If you’ve been to PRESS in the past month or so, you’ve seen a selection of work by student’s from PRESS Chief’s Introduction to Printmaking class from from the Fall 2014 semester. The assignment? Create a larger work of art that utilizes the repetition of the print as a main component of the piece–keeping in mind how the work will be installed within the PRESS Gallery space.
If you haven’t seen it yet, please stop by. It will be on view through the end of February. We will be operating with limited hours through January. Best to shoot us an email at email@example.com to make sure we are there if you plan to visit!
Here’s a little more information about each piece:
Angela Digennaro: Object heads appeal to me because of the anonymity of their lack of faces. I can’t stand being looked at or stared at in public places so it’s very appealing, the lack of eyes. The prints are made using a reduction cut with black and gray ink. I wanted to make something people can physically interact with and be able to touch and move the parts around. Maybe inspire them to make their own little characters, just draw things and put bodies on them, give them names and little personalities.
Jonas McCaffery: Inspired by a National Geographic article that examines the reputation of the infamous Roman emperor Nero, A Secret History is a journey into the creation of the past. Using letterpress techniques, I’ve layered Russian inspired graphics on top of a recreation of a bust of the notorious fiddler, which are printed on historical text pages. The representation of Roman antiquity and modern Russian aesthetics are used to showcase changes in art history and highlight tyranny, resistance and social justice. The prints are displayed in a maze like structure to convey a journey. Each page is connected to the next, but the connection are fragile. There are moments when the graphics may combine to form strong relations, but then then the form disappoints the viewer, emphasizing changing views and manipulation of past narratives.
Ryan Walters: The History of Facial Hair or The Forgotten Symbol of White Supremacy was largely inspired by this article published January 20, 2014 in the Atlantic Monthly.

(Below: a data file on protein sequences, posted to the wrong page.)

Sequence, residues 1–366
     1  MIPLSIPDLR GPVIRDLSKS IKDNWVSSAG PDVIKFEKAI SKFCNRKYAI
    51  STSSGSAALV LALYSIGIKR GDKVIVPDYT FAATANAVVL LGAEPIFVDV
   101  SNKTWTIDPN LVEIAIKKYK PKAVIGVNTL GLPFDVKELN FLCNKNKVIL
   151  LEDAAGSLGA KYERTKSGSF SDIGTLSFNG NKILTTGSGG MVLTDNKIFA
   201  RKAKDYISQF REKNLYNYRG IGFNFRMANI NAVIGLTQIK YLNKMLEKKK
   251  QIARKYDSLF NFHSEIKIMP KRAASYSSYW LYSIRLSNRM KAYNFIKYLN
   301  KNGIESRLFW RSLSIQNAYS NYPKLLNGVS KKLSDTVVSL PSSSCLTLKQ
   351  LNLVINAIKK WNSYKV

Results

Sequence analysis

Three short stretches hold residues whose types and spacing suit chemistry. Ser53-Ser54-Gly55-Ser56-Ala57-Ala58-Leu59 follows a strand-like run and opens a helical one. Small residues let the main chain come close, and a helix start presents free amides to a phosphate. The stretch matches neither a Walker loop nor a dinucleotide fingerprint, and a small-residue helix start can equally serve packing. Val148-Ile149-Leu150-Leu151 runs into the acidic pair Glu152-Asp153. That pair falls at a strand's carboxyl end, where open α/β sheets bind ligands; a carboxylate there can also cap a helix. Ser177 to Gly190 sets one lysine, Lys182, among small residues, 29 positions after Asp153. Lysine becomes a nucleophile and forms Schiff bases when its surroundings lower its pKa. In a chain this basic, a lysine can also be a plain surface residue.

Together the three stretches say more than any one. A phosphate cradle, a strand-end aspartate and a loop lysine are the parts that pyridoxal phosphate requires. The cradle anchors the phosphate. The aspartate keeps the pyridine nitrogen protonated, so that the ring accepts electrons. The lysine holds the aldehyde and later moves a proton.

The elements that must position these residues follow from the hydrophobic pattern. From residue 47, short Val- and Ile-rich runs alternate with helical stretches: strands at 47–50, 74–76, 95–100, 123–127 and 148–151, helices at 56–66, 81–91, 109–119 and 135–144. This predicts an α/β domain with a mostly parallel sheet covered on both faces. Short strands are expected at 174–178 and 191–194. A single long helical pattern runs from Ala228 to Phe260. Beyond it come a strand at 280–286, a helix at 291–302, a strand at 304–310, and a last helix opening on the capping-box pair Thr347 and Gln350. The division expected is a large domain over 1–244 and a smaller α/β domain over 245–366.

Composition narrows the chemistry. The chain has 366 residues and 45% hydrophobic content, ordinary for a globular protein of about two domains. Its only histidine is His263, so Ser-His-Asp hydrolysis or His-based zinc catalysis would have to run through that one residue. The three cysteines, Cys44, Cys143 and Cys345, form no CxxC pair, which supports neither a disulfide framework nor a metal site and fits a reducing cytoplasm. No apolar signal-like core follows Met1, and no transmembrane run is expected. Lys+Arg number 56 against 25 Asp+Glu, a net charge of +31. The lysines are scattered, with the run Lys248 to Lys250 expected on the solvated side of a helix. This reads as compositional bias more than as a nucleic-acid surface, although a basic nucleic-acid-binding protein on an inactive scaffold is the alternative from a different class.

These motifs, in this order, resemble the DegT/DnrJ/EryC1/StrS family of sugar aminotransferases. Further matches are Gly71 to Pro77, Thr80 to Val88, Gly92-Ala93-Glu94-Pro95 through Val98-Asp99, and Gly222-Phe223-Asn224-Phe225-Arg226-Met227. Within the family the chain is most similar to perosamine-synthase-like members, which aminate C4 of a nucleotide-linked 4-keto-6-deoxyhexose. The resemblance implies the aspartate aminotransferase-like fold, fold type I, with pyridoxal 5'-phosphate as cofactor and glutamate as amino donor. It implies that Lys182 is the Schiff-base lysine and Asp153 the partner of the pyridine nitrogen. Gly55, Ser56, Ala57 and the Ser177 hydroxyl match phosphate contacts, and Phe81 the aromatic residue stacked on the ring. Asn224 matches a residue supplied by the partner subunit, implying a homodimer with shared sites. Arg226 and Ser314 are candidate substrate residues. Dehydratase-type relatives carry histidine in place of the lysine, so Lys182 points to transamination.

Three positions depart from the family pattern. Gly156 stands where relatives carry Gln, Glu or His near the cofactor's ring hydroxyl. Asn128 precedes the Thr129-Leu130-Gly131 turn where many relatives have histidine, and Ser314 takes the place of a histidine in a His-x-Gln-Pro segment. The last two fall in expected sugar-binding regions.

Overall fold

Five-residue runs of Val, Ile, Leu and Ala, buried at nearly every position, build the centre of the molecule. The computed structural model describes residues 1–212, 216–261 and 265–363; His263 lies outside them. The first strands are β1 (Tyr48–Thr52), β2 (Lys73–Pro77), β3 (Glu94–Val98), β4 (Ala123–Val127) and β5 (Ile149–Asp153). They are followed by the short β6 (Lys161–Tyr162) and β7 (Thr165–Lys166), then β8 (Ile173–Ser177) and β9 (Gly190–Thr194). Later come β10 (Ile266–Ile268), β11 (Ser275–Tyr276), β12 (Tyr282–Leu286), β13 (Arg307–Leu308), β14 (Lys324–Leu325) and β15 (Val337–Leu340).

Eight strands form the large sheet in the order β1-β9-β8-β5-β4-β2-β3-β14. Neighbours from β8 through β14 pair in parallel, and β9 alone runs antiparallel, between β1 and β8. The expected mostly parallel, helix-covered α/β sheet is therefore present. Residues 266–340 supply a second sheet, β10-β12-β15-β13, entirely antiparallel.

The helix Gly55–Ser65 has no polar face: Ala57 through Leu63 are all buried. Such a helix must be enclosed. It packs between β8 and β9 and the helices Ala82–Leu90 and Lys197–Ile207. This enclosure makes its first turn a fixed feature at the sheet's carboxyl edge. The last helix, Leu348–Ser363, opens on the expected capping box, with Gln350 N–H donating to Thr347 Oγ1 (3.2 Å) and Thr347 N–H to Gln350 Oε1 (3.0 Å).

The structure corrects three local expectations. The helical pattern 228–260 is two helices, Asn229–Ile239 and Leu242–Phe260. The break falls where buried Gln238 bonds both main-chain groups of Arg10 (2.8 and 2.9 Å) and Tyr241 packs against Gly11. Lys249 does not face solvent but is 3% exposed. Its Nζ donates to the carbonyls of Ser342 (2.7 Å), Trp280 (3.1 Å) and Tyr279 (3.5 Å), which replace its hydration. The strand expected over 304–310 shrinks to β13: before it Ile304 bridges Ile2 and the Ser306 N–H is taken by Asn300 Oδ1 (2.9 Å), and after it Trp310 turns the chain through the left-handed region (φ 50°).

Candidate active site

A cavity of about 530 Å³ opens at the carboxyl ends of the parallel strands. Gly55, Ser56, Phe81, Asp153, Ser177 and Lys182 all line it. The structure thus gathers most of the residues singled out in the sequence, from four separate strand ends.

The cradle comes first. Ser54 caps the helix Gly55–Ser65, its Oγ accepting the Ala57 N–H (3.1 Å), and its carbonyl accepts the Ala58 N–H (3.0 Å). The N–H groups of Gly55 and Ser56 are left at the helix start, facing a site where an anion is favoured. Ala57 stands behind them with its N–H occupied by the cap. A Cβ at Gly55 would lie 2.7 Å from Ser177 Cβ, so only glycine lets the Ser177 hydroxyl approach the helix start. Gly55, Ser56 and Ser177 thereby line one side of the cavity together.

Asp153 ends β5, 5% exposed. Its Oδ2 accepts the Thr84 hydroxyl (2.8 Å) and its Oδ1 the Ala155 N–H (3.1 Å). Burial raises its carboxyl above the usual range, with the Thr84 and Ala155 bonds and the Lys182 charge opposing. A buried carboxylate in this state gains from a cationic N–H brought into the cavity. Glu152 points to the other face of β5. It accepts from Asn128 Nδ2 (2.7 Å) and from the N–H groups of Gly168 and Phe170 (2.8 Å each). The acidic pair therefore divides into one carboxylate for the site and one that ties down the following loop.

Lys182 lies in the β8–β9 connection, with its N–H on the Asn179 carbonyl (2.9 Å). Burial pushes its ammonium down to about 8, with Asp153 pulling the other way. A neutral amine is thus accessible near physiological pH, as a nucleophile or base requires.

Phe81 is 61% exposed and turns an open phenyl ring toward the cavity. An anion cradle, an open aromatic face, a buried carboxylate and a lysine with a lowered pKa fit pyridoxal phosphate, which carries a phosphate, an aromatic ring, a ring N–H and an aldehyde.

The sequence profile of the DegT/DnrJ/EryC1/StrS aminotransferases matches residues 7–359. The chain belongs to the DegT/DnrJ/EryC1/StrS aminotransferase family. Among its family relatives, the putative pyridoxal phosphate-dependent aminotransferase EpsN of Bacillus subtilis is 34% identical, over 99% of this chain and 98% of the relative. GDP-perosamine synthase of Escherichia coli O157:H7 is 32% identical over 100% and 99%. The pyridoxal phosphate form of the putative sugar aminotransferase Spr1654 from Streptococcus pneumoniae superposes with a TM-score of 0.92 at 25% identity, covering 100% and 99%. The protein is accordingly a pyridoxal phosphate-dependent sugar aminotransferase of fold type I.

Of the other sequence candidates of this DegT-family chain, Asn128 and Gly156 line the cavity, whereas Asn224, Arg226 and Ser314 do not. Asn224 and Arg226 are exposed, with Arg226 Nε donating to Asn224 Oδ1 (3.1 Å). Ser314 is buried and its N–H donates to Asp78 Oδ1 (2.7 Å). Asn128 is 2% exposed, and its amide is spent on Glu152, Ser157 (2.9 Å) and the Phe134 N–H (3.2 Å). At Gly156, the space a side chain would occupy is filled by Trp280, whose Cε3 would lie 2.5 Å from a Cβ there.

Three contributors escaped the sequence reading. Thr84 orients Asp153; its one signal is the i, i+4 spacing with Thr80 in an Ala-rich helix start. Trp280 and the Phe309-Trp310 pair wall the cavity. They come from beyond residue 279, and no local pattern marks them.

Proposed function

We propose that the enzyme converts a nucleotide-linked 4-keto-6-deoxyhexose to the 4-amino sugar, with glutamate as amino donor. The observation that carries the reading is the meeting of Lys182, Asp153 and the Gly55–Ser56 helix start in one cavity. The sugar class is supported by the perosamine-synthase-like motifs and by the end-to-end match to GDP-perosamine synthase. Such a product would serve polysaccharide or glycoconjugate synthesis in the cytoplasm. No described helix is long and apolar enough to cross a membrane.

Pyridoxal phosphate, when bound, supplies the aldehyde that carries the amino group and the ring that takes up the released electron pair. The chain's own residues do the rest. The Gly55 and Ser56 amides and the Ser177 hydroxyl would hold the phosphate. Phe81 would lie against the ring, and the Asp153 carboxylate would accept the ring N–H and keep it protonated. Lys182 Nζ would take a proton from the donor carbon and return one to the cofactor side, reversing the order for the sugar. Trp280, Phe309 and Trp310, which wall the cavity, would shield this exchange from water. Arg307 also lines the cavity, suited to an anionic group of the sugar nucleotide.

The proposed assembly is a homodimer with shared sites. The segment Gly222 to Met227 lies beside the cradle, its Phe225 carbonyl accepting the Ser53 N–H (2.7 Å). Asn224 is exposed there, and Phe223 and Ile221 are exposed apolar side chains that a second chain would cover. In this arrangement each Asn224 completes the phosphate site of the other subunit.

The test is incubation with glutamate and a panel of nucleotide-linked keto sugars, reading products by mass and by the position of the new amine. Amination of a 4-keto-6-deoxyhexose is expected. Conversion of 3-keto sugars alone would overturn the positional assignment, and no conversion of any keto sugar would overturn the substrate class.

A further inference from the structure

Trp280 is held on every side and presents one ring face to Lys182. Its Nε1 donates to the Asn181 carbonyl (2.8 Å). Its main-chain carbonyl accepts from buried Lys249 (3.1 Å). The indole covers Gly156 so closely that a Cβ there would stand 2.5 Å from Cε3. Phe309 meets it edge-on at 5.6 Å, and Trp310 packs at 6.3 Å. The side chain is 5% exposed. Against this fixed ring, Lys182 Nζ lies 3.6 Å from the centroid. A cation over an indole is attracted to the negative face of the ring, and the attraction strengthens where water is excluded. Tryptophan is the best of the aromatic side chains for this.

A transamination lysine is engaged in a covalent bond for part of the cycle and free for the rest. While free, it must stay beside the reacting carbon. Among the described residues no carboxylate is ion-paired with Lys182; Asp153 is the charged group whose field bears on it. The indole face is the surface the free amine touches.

Ashley Welch: Faith is imperfect, much like us. Composed of choices, each individually, unified into a comprehension of the bigger picture. Each part, like that of a mustard seed, singularly enough. Together, seen by all who look.
Isaac Wood: Stay a While was inspired by the hectic and looks to counter act the idea that we as humans always need to be doing something. It asks you the viewer to slow down, recall old memories and enjoy where you are in the moment. Using a printmaking technique called pressure printing and the Vandercook Press, I created a final total of 876 snowflake inspired prints for this installation.
As a whole the installation focuses on viewers favorite memories of winter and asks them interact with the prints by writing their memory on the back of a print then add it to the display. This is done to get people thinking about some of their best winters, and to return to the main point of slowing down, I hope that the viewers add their memory and then explore the memories in the window.
The most important thing taken from this exhibit is that, no one thinks about what has to be done in a week, in the next day, or even hour. The most important thing to focus on is that you are here now.
Zhongying “Joey” Zhu: These masks come from the same person’s face but show different emotions of her. Nowadays, people have to act more roles than before since the society become more and more complex. And when people act different roles, they may have different feelings in their heart. Like people feel excited when join a party, feel peaceful when have a vocation, become a robot when they have a lot work… These masks reflect people’s emotions when they are in different environments and enlarge these emotions. And putting on a mask is also a kind of camouflage when people do not want to show their true feeling to others. While these masks show people’s true feelings but not hid them in their heart.
The purpose I made these multiple printings is to show people we all have many different masks in our life and we still have a mask on our face now. Although we have many masks, they still come from the same person, yourself. So don’t forget what truly you are though you have to show different sides to others in such a modern society.